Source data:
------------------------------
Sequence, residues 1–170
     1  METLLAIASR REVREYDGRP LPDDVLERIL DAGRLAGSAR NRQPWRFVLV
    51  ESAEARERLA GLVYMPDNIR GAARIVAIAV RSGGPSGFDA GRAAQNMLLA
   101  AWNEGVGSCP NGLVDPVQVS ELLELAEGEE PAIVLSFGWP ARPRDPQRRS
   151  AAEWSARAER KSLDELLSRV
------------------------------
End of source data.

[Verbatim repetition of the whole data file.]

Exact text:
Sequence, residues 1–170
     1  METLLAIASR REVREYDGRP LPDDVLERIL DAGRLAGSAR NRQPWRFVLV
    51  ESAEARERLA GLVYMPDNIR GAARIVAIAV RSGGPSGFDA GRAAQNMLLA
   101  AWNEGVGSCP NGLVDPVQVS ELLELAEGEE PAIVLSFGWP ARPRDPQRRS
   151  AAEWSARAER KSLDELLSRV